Consumer confusion over the market’s variability in size and fit standards is driving the rise of the ‘Serial Returner’, and seriously impacting the profitability of UK clothing retailers. This is according to new research commissioned by Tryzens, an e-commerce solutions specialist, which found that eight in ten UK consumers surveyed want ‘the right fit first time’.
While encouraging online shopping, the drive for free delivery and returns is giving rise to potentially damaging consumer behaviours such as wardrobing (wear once and return), and the ordering of multiple sizes of the same item of clothing to then return the sizes that are not needed. As a result, these behaviours materially impact the operating costs of the retailer in checking and restocking, reduces sales revenue and increases the risk of stock wastage.
With 68% of consumers stating that they would be willing to provide their measurements just once to retailers to ensure a good fit, retailers have an ideal opportunity to take action to confront the size and fit cost issue, the firm said.
Andy Burton, CEO of Tryzens, stated: “The high level of return rates from online purchases is a major problem for online clothing retailers whether operating as a pure-play or multi-channel. Tackling serial returners is a major undertaking, as clothing is a very personal purchase; style, colour, texture, fit and size all must be conveyed online through good photography and accurate data. However, these factors must not create too much friction in the online experience as this will reduce customer engagement.
“The reasons for returns are numerous ranging from size and fit to personal taste, to the notion of intentional wardrobing. However, with an estimated average cost of handling returns at around £15 per order returned, it is a material cost to mitigate when return rates can exceed 50% of orders in some online businesses,” he said.
Burton continued: “There are many challenges on unifying the market to work toward a universal size guide, and as such the problem needs to be tackled from a different perspective, more simply and inventively, that will leverage the capability of technology to personalise a consumer experience. For example, serial returners could be reduced or even avoided by having the ability to translate a consumer’s individual personal measurements into any retailers specific labelling in real-time. This therefore ensures the correct size can be purchased through an improved online shopping experience.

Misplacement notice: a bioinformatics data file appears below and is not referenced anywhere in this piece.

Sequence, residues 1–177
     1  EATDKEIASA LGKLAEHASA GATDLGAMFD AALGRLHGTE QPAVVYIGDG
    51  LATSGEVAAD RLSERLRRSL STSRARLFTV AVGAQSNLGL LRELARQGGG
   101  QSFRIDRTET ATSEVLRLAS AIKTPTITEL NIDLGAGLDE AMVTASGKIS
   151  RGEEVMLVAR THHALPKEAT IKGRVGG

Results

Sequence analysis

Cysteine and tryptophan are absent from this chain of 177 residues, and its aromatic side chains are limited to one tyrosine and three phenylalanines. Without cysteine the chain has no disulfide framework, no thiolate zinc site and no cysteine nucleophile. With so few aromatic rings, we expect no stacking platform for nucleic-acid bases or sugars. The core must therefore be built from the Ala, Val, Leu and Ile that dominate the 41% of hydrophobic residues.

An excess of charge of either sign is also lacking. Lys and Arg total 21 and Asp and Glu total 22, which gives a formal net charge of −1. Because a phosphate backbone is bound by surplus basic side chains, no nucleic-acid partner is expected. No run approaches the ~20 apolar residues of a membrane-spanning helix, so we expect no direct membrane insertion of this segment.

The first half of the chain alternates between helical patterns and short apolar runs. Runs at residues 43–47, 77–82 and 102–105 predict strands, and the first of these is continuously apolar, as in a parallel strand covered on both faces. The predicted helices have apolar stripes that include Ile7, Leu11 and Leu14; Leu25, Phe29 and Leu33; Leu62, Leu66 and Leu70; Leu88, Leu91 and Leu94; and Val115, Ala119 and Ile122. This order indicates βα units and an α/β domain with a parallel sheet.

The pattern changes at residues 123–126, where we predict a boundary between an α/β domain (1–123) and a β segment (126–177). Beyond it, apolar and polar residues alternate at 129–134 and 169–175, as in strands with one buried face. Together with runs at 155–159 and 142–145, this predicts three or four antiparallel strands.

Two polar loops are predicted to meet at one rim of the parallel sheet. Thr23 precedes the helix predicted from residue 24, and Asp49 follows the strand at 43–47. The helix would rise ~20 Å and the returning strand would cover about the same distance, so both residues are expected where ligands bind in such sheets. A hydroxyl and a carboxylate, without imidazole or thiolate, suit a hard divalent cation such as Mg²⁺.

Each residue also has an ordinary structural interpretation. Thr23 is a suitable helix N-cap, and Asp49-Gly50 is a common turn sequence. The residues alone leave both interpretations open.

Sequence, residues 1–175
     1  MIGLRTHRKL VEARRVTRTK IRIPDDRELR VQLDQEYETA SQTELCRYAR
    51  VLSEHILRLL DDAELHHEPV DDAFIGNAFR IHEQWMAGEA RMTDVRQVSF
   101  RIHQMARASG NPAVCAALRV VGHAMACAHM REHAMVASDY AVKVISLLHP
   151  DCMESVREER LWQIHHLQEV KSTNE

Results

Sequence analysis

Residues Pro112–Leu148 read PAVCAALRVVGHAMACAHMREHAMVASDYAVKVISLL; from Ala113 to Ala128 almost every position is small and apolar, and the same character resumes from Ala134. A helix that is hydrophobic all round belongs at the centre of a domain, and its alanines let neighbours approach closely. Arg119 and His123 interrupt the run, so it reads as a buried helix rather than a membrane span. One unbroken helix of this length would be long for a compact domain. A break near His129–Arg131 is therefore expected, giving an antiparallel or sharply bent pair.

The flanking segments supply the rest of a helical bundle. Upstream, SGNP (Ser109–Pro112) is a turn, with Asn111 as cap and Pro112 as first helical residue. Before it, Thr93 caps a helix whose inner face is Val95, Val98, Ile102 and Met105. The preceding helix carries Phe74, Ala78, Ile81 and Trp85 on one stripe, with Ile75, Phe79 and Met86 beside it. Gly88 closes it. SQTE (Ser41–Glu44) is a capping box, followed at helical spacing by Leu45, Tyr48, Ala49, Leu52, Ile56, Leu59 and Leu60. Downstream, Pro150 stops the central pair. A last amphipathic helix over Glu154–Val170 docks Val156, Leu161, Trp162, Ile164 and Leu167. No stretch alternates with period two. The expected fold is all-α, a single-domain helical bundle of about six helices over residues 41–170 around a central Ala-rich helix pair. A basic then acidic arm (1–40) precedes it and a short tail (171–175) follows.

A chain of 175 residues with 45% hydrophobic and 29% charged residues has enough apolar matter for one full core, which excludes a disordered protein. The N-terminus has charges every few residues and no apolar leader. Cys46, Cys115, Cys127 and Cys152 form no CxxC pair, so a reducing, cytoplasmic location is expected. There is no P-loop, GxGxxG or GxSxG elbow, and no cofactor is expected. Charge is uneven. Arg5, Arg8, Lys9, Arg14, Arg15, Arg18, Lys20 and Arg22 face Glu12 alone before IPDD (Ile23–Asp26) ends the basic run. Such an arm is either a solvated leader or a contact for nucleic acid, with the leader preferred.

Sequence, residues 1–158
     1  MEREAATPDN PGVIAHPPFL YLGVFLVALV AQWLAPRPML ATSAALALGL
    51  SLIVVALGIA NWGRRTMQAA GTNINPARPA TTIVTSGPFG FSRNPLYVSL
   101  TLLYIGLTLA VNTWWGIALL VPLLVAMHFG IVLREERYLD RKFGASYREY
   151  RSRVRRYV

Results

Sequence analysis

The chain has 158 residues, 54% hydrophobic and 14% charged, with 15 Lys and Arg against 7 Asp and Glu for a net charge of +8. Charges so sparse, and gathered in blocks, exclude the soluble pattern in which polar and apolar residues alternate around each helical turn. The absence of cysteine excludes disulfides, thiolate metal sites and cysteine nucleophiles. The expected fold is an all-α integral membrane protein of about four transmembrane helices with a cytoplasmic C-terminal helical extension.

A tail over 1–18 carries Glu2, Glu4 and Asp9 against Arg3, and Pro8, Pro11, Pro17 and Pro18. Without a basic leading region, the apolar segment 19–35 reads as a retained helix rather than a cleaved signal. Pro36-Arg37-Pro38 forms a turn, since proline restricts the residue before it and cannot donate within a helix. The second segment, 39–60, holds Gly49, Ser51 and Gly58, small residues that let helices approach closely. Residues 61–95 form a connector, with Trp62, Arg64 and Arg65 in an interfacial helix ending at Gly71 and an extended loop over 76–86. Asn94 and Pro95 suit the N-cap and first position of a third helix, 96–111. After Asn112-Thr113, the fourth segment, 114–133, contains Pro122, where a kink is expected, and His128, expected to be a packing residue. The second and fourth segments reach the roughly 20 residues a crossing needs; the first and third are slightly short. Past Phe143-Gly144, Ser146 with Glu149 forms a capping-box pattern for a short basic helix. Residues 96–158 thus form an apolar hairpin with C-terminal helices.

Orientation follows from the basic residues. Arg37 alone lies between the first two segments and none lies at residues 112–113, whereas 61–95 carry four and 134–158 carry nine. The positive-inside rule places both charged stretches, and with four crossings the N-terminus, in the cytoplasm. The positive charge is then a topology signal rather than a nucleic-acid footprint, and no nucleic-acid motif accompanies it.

“If you explore the notion of holding a consumers’ personal size/measurement data as a ‘service’ that any online retailer could securely access when a consumer browses their site, and, if retailers maps their products to actual measurements (whilst retaining their labelling scheme) then it is not beyond the wit of man that a Product Listing Page (or search results) could present products that would both fit the consumer and are available in stock! Of course, the ability to toggle this on/off when shopping for others would be needed, but the principle at least breaks the somewhat fractious situation that arises when consumers rely on labeling alone, and overcomes the ‘hassle factor’ of manually looking up a size chart on the retailer website.”
The research also revealed that if a retailer could present a Product Listing Page that was already checked against size and stock availability so that the consumer only saw what was available in their size at the time of shopping, the benefits of avoiding wasted searches and a simplified shopping experience appealed to respondents. Three quarters of the participants agreed that it would indeed be beneficial, evidencing that retailers have a tremendous opportunity to improve consumer experience, reduce return rates and improve sales conversion.
The research revealed that a majority of consumers were not prepared to pay a contribution to a return that was related to ordering multiples of products in different sizes (68% of women and 53% of men). A return fee would also dissuade 71% of women and 60% of men from using a site unless they guaranteed an accurate fit.
“The research validates that consumers want to be confident that they will receive goods that fit correctly, first time. Getting this right will positively influence consumer behaviour and materially reduce consequential costs and improve customer experience. To resolve the cost issue around returns, introducing charging options is unlikely to be a viable answer in a competitive market, as the research has shown this is likely to turn consumers off from ordering online. The size issue needs to be addressed by being able to translate a consumer’s personal measurements in to any retailer’s specific labelling to ensure the correct size can be purchased,” said Burton.
Tryzens latest Expert Research is based on a detailed survey of 1,000 UK consumers who had recent experience of shopping online. This information is used to analyse and forecast the trends and preferences of ‘Generation Consumer’ to assist retailers operating online to quantify current consumer behaviour and preferences in order to more accurately and effectively evolve their eCommerce capabilities.